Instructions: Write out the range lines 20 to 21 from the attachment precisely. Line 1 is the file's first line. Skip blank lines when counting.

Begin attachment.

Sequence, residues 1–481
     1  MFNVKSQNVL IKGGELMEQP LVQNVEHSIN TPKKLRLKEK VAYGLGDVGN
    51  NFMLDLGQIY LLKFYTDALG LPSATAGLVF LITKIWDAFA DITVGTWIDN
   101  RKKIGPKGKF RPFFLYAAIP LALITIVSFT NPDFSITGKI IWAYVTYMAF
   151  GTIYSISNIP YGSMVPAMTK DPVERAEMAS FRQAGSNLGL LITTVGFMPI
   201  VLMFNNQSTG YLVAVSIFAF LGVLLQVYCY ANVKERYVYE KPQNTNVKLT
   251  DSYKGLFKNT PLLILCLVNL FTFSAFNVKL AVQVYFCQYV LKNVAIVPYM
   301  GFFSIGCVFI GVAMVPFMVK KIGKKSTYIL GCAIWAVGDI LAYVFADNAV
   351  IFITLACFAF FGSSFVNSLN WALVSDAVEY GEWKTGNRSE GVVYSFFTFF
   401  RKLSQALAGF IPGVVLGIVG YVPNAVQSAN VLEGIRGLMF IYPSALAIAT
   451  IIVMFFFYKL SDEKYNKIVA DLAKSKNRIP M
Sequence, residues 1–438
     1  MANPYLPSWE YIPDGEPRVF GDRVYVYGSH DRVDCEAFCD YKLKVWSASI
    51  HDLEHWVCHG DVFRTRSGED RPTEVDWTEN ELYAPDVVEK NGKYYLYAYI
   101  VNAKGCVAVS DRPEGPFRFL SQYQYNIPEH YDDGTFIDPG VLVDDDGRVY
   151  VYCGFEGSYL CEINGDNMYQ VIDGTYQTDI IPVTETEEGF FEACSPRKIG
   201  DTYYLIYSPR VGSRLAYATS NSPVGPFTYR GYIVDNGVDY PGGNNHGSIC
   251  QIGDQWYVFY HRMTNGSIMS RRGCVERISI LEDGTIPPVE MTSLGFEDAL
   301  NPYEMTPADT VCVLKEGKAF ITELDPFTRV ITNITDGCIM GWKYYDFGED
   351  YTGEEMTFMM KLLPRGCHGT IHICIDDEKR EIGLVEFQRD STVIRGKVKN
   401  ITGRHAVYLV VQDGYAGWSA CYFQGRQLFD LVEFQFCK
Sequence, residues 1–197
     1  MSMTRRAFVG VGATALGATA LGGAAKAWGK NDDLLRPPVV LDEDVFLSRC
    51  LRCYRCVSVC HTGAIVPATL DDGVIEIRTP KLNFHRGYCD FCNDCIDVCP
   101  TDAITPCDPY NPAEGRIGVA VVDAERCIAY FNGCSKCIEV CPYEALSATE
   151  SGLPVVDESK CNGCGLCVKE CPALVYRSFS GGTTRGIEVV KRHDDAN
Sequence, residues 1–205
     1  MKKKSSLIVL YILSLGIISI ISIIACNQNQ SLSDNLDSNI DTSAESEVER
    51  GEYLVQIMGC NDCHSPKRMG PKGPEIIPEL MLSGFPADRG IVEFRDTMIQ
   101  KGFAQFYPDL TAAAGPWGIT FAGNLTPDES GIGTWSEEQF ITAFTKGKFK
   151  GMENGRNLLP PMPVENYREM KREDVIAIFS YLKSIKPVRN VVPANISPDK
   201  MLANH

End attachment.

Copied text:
   351  YTGEEMTFMM KLLPRGCHGT IHICIDDEKR EIGLVEFQRD STVIRGKVKN
   401  ITGRHAVYLV VQDGYAGWSA CYFQGRQLFD LVEFQFCK